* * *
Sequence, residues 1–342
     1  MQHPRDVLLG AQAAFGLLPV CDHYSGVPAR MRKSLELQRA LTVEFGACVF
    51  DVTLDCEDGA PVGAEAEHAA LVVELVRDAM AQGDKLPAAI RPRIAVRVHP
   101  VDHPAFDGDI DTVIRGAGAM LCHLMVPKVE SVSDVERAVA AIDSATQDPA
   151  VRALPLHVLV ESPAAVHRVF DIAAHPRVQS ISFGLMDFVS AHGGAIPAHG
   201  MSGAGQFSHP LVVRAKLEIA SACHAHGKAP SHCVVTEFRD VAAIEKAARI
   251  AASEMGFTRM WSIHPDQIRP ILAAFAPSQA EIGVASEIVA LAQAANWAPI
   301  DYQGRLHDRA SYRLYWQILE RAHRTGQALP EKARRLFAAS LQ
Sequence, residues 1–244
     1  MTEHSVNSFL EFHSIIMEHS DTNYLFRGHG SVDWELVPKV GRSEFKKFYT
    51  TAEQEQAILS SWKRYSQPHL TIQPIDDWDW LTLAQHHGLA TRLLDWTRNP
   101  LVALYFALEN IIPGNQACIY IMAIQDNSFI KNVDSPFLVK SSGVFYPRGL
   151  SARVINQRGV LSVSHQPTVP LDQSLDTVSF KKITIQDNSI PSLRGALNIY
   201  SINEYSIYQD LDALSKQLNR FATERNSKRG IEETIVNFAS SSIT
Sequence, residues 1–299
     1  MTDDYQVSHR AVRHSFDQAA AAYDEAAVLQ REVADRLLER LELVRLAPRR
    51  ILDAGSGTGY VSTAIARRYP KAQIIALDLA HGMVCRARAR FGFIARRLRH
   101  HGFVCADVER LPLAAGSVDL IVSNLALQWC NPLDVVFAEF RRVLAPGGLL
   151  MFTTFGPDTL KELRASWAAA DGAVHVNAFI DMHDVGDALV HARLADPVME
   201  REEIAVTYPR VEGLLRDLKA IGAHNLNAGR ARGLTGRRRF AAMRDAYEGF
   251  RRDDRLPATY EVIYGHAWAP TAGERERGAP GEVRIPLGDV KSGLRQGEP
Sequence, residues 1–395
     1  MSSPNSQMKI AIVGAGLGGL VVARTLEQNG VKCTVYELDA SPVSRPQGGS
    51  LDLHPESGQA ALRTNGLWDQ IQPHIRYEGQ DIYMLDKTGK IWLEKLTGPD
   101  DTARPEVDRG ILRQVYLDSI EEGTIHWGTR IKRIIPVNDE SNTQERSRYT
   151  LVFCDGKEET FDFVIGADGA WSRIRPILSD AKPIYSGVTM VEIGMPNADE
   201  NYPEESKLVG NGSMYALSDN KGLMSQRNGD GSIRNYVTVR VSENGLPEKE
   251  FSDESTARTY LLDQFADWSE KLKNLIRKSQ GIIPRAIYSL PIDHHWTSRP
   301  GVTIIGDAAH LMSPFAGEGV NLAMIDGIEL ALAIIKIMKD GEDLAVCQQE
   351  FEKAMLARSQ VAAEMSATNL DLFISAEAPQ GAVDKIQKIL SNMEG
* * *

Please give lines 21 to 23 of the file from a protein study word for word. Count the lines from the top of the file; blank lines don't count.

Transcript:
   251  RRDDRLPATY EVIYGHAWAP TAGERERGAP GEVRIPLGDV KSGLRQGEP
Sequence, residues 1–395
     1  MSSPNSQMKI AIVGAGLGGL VVARTLEQNG VKCTVYELDA SPVSRPQGGS